Inner Hearing

Pure phenomenon: Inner hearing is the paying attention to the auditory characteristics of an inner phenomenon.

Example: "I was hearing the Beatles 'Penny Lane' playing in my head. It was just like hearing it on the radio, as far as I could tell."

Variants: The inner phenomenon may or may not be verbal.

Discriminations: Considerations:


Pure phenomenon: A feeling is an emotional experience, including sadness, happiness, humor, anxiety, joy, fear, nervousness, anger, embarrassment, and so on.

Variants: Feelings are generally localized in the body, but may be experienced as mental events or as combinations of mental and bodily events. Sometimes the features of feelings cannot be described at all, for example, "I was angry, and it was clear I was angry, but I can't tell you how I experienced that. I was angry, that's all."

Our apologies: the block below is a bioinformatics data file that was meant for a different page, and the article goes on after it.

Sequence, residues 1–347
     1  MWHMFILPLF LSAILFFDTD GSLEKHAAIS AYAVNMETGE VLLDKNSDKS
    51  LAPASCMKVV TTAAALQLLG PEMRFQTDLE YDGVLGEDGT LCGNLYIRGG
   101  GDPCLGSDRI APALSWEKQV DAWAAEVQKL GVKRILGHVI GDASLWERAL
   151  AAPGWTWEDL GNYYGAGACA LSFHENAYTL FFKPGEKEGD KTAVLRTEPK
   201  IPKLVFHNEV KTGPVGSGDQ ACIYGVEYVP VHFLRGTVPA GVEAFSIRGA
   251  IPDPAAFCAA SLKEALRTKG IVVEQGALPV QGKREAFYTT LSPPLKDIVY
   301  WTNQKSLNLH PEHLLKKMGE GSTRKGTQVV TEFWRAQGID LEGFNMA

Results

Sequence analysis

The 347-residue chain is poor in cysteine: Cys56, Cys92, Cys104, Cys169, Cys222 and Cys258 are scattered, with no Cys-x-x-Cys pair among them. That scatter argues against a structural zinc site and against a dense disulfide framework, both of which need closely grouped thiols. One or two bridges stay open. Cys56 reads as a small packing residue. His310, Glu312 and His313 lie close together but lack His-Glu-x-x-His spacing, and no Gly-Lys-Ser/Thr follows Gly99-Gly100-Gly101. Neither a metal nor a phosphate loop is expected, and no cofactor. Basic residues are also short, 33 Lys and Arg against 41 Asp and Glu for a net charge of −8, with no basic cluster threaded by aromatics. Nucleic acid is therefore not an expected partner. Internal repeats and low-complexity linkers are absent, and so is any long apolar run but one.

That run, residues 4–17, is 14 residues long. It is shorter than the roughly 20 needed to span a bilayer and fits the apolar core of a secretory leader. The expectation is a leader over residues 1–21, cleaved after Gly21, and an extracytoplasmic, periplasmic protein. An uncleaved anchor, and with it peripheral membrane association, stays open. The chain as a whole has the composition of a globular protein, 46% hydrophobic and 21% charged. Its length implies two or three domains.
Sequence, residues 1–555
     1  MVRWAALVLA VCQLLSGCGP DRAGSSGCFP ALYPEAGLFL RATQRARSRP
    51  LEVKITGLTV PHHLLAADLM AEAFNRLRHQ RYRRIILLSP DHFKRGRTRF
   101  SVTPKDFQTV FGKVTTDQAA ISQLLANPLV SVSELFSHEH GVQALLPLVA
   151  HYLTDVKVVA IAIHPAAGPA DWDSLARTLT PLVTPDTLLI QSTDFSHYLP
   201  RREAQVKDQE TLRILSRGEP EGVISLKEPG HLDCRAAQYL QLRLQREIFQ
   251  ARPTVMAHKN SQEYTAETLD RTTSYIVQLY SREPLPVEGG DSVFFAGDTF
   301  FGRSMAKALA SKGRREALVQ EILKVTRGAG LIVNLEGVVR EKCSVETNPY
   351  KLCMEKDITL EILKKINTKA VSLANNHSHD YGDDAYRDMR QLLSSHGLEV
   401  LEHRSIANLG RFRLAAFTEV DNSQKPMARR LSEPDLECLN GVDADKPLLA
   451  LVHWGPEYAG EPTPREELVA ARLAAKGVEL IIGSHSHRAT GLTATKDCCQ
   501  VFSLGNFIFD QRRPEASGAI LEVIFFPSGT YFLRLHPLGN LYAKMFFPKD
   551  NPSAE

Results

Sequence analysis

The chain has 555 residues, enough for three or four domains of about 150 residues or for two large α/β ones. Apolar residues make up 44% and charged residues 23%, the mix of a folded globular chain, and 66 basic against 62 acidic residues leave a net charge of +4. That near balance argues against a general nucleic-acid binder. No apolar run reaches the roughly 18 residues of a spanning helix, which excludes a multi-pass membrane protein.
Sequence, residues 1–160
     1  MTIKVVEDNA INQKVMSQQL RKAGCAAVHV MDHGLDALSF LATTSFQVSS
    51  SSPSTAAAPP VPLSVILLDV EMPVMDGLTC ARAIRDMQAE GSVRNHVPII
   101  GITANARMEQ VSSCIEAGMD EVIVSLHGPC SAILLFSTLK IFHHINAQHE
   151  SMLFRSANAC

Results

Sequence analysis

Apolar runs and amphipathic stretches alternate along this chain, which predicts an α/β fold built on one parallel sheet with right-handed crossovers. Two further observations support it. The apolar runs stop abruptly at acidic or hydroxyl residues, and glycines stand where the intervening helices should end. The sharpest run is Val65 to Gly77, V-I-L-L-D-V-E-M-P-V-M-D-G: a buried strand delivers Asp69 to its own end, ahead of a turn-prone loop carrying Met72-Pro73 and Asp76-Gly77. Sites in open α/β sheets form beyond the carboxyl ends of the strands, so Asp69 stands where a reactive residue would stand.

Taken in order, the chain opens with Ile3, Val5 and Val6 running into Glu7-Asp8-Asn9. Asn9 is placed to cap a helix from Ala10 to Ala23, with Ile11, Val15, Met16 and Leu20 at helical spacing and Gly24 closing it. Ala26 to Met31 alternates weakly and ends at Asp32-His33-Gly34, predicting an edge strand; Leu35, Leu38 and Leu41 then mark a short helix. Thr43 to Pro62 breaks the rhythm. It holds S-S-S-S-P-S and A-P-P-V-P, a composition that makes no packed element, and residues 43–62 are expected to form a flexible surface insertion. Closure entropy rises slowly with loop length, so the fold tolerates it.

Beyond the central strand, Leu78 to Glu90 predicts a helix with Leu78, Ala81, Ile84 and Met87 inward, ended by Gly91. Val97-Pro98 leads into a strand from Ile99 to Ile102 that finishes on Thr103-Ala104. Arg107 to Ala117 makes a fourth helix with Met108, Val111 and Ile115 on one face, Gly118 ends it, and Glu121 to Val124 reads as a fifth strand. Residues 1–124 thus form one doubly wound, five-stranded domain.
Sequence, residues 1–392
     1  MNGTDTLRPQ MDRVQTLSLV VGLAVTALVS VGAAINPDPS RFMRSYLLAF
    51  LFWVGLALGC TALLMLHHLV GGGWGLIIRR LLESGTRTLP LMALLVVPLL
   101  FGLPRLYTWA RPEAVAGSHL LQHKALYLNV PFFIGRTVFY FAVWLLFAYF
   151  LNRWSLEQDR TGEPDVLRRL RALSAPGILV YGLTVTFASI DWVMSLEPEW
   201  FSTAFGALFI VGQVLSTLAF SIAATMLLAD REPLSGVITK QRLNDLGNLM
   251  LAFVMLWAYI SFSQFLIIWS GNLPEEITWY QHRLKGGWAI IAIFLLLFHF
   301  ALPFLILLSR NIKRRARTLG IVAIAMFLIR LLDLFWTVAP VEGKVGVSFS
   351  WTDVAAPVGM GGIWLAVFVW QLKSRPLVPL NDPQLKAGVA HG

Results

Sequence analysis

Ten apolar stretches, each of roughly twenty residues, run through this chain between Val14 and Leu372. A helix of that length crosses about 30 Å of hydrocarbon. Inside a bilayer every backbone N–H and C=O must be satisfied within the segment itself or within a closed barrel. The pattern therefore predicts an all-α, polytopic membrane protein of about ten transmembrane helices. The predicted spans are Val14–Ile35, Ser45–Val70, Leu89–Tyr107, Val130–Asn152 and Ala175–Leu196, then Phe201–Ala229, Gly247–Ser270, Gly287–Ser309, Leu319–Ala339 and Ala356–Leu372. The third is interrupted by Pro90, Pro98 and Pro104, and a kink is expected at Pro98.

Discriminations: Considerations: A feeling (in awareness) is present in awareness at the moment of the beep (e.g. "I was feeling tense and distressed."). A feeling (brought into awareness by the beep) is present in the body but not in awareness at the moment of the beep and brought into awareness by the beep (e.g. "I was tense and distressed, but I wasn't really aware of that at the moment of the beep. My muscles were clearly tense at the moment of the beep, but my awareness of that tension was not present until, in response to the beep, I 'took stock' of what was going on with me.").

Sensory Awareness

Pure phenomenon: A sensory awareness is a sensory or perceptual experience (itch, hotness, pressure, visual taking-in, hearing) that is itself a primary theme or focus for the subject. Such a sensory awareness may be bodily (itch, tingle, pain, pressure, hotness, coldness, shiver, stiffness, etc.) or external (noting the color of a flower, smelling gasoline, taking in the characteristics of a sunrise, hearing the scratching of the cat at the door, etc.).